Costume designer Colleen Atwood has dressed gangsters and geishas, and a kid with bad hair and no hands. She's won two Academy Awards -- for "Chicago" and "Memoirs of a Geisha" -- while giving filmmaker Tim Burton's "Edward Scissorhands" characters their decidedly off-kilter signature look.
She's one of those artists who's proven that in cinema, at least, clothes really do make -- if not the man -- the character. It's a quality very much on display in the two films she's done this season, "Public Enemies" and "Nine."
Fellini's films have such a distinctive look. Can you give us a hint of what your costumes look like in "Nine"?
I think it's going to be a wonderful blend of flash images of Daniel Day-Lewis' character mixed with real life and fantasy. There's a flashback to the '30s with Sophia Loren, and there's a great showgirl number lead by Judi Dench. Most of the movie is set in the early '60s. There's a go-go number with Kate Hudson and her costumes are very mod. Then there's the scene with Penélope Cruz and the call from the Vatican.
Oh, what was Penélope wearing?
Not much. (She laughs.)
"Nine" sounds like the ultimate costume designer fantasy, yes?
What I like about what I do is that I get to do all different kinds of things. I enjoy the variety and the learning curve on every job. With a movie like "Nine," there was a lot that went into the dance costumes that was unseen. They really had to function for the dancers. The shoes in "Nine" are a movie in themselves. Since people had to dance, the shoes were all custom made in Italy by a dance shoe specialist. But it's very technical. You have to make sure they fit properly. The actresses did an amazing amount of rehearsal and hard work to be able to do those musical numbers.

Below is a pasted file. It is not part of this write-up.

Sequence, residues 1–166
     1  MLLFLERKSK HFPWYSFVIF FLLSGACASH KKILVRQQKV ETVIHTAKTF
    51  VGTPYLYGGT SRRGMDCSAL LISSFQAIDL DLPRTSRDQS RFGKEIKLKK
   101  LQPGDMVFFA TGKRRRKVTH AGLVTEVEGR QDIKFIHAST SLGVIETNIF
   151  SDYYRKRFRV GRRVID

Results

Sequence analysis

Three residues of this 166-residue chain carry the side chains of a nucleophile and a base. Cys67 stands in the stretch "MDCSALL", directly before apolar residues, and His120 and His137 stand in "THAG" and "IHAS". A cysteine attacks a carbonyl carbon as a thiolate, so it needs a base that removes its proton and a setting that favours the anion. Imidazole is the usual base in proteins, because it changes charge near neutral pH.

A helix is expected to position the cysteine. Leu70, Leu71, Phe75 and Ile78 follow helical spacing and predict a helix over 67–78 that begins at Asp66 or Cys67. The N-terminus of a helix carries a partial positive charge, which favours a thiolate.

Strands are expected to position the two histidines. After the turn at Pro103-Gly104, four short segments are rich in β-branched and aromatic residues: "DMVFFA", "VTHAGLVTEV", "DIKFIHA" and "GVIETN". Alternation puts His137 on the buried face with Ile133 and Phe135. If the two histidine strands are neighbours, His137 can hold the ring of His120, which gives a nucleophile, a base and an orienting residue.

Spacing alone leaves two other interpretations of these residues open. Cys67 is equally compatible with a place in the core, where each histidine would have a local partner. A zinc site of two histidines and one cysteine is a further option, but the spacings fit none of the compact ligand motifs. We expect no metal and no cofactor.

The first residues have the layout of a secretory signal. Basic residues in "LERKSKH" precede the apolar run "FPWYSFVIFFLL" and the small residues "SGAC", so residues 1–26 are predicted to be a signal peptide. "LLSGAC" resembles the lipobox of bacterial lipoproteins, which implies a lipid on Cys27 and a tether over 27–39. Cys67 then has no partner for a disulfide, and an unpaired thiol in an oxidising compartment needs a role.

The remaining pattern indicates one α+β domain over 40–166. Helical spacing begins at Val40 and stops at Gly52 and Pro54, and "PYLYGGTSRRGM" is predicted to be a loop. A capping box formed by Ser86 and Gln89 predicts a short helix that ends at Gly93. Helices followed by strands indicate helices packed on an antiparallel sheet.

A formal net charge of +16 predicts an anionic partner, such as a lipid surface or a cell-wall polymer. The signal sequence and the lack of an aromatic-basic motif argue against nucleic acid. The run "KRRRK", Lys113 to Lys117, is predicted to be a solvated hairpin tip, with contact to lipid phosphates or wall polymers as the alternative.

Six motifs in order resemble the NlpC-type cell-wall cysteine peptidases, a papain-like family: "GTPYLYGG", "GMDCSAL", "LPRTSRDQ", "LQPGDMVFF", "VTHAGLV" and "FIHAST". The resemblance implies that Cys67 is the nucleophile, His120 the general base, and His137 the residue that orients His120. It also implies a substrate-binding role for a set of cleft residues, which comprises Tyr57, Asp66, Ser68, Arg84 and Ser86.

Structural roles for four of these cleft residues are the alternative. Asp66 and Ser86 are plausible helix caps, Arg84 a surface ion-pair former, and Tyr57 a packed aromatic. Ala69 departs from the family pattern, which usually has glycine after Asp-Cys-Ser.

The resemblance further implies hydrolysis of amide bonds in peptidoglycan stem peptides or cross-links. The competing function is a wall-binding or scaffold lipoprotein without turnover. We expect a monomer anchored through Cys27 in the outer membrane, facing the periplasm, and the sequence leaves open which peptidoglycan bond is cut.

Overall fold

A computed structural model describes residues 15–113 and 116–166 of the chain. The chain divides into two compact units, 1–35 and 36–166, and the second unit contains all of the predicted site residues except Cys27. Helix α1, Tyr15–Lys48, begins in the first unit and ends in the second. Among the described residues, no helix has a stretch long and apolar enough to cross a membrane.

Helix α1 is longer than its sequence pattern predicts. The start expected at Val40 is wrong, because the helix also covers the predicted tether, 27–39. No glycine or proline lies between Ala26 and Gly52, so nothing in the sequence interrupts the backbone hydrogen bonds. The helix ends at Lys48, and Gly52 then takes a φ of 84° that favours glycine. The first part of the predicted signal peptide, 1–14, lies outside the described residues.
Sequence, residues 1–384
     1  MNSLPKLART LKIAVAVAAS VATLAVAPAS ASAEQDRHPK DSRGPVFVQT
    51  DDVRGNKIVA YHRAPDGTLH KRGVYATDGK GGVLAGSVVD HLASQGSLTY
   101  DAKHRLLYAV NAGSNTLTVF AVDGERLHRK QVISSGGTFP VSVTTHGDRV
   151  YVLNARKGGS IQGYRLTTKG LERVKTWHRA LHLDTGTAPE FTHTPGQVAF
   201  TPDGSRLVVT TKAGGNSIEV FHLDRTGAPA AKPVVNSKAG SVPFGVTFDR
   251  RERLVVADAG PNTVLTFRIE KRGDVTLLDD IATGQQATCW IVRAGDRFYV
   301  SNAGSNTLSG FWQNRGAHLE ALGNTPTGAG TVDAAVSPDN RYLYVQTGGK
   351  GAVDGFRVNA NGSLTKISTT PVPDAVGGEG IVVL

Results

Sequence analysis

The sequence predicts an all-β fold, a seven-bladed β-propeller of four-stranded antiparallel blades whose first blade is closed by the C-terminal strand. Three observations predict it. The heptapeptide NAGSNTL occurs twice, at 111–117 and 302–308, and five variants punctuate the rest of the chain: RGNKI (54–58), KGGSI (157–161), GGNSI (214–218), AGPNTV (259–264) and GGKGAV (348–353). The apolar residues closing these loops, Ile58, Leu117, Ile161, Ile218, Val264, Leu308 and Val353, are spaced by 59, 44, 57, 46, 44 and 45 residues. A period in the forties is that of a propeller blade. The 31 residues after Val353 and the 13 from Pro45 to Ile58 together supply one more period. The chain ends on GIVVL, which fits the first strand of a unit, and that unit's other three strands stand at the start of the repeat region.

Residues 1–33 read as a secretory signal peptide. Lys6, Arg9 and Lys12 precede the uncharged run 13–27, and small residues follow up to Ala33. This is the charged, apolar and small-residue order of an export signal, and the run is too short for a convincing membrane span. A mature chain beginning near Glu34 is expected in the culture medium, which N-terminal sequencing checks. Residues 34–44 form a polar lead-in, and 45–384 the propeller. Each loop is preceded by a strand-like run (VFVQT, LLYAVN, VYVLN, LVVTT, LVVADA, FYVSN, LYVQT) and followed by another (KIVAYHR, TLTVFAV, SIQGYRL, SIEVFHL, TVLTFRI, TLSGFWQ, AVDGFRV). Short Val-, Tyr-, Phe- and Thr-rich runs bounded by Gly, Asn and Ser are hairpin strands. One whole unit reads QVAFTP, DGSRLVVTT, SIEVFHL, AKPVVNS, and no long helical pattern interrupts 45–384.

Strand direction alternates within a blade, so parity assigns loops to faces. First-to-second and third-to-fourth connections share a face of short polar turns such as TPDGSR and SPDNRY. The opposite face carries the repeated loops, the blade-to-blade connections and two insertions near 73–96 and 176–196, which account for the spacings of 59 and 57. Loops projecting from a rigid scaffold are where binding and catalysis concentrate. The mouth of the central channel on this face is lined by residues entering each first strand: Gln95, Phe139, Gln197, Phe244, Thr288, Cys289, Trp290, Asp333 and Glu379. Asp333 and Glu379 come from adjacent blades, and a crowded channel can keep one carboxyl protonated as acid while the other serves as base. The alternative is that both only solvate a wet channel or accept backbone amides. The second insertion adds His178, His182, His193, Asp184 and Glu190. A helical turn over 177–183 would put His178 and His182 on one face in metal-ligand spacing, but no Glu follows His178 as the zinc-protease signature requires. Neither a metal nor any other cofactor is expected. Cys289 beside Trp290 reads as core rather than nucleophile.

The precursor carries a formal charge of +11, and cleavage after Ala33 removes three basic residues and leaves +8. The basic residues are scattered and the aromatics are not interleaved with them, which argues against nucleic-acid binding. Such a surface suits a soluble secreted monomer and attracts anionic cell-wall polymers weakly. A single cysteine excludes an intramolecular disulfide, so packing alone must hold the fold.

And the clothes?
There's a lot of work that goes into them that's unseen. I did "Chicago" right after I did "Planet of the Apes," and they really weren't that different in a weird way. The costumes really had to work in a certain way for movement. It was nice to revisit that in "Nine."